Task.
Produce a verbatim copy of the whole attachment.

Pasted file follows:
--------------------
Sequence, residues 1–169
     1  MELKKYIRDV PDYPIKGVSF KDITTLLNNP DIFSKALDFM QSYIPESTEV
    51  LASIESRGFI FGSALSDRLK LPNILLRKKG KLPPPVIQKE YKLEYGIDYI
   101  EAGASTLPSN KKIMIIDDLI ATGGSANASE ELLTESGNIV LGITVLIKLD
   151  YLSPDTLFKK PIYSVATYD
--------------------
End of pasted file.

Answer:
Sequence, residues 1–169
     1  MELKKYIRDV PDYPIKGVSF KDITTLLNNP DIFSKALDFM QSYIPESTEV
    51  LASIESRGFI FGSALSDRLK LPNILLRKKG KLPPPVIQKE YKLEYGIDYI
   101  EAGASTLPSN KKIMIIDDLI ATGGSANASE ELLTESGNIV LGITVLIKLD
   151  YLSPDTLFKK PIYSVATYD